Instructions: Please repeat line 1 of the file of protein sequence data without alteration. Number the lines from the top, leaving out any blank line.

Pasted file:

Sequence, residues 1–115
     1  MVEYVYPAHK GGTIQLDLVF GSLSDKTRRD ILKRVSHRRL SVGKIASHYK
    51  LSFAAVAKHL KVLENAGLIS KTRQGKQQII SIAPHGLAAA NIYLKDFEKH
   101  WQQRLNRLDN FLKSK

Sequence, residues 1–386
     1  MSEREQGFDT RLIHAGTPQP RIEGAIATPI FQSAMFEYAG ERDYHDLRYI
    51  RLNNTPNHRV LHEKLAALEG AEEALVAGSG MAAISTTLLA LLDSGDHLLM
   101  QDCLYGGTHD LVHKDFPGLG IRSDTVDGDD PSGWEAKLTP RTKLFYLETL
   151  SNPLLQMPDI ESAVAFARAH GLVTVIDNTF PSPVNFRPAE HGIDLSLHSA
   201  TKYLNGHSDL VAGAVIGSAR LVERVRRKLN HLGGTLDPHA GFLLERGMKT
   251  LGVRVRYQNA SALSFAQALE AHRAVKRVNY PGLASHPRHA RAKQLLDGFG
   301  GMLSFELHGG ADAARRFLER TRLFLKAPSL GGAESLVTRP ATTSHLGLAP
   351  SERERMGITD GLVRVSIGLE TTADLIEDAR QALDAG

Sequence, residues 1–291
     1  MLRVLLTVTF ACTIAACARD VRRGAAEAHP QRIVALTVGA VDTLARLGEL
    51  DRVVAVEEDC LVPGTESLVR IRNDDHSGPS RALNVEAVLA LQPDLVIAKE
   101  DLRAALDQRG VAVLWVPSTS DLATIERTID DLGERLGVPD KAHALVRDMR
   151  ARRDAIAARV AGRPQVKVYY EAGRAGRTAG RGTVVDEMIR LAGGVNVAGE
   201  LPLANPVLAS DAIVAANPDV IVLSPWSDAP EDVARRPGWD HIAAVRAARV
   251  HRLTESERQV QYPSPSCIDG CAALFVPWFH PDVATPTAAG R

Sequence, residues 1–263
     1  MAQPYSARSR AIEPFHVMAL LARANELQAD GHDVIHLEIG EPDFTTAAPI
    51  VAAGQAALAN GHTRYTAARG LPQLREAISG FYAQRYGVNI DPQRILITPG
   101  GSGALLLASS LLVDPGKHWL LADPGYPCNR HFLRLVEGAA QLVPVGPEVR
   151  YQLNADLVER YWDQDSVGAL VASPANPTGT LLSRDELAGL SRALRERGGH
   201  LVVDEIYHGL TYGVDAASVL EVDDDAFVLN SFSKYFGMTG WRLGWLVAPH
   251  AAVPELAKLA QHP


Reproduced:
Sequence, residues 1–115